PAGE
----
Aleksandra, or “Alek”, is a marketing and communications consultant for a global finance group and describes herself as “Serbian by birth, German by education, and Greek at heart”. Alek and Katica did not only humble me with their fluent German (my Serbian is mostly limited to zdravo and hvala puno), but they were also the perfect hosts. They really created such a great community spirit and seemed very committed to helping expats in Belgrade to settle in and have a good time. Thank you for all your efforts and enthusiasm!
Over free fingerfood and a welcome drink on the house, I began to mingle with the other guests who kept gradually arriving. About 100 people from two dozen countries were in attendance that night. Some had been to InterNations gatherings in other cities, from Athens over Baku to London, but they all reassured me how much they enjoyed the meet-ups in Belgrade.
What I really appreciate about visiting InterNations Communities in various cities is the interesting mix of people I get to meet. It wasn’t any different in Belgrade: I talked to professors, members of the diplomatic service, company consultants, fashion designers, and online entrepreneurs – a highly diverse crowd.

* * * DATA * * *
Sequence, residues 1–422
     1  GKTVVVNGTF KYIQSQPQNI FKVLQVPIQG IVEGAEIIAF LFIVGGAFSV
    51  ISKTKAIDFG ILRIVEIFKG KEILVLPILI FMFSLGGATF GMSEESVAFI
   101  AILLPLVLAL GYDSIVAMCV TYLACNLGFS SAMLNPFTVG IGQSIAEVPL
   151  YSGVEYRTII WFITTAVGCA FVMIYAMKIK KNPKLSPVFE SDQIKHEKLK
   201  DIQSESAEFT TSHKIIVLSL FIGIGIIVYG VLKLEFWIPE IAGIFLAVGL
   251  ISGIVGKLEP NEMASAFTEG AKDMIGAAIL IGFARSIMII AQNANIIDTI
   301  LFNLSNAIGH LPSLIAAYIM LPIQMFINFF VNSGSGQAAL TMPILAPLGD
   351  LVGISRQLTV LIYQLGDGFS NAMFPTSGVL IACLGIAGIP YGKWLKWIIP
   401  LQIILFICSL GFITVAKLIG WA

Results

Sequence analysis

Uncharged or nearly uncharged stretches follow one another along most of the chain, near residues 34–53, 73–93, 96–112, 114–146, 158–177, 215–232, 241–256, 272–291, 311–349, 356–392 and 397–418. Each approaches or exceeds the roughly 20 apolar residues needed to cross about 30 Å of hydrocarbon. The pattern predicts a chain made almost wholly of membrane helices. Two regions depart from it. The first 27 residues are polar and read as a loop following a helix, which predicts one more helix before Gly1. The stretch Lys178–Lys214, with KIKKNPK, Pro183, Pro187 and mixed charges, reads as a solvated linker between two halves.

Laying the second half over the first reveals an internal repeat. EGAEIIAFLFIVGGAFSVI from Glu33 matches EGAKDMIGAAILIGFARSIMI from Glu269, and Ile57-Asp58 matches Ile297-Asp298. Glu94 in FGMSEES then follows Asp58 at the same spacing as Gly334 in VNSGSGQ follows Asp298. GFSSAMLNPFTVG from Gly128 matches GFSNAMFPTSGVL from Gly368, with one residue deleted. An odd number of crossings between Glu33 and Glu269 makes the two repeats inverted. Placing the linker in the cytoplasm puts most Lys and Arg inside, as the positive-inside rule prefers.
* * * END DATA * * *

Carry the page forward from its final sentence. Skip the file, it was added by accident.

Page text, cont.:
Although it was a pleasure to chat with so many people from all walks of life, I had to leave around 1 am. After all, I had plans for the following days and didn’t want to sleep late. Other guests, who didn’t have such concerns, moved on to a neighboring club, where the Belgrade Jazz Festival was in full swing.
Friday, October 26th
On Friday morning, when I’d caught up with work, I took the opportunity to meet Zafiris Lampadaridis, an InterNations member from Greece, who also works for the Hyatt and runs the local expat website Living in Belgrade. Living in Belgrade already had graciously sponsored Friday’s event, and Zafiris and I were soon busy discussing ideas for a cooperation between our sites to better address the needs of the international community.
In the early evening, Katica and Alek took me to a cozy restaurant in a little park on the outskirts of Belgrade, Mala Fabrika Ukusa, where I got a taste of typical Serbian cuisine, with such specialties as grilled meat, ajvar, Serbian beer, and rakija. During dinner, they gave me a great introduction to life in Serbia, the country’s history, its politics, and people.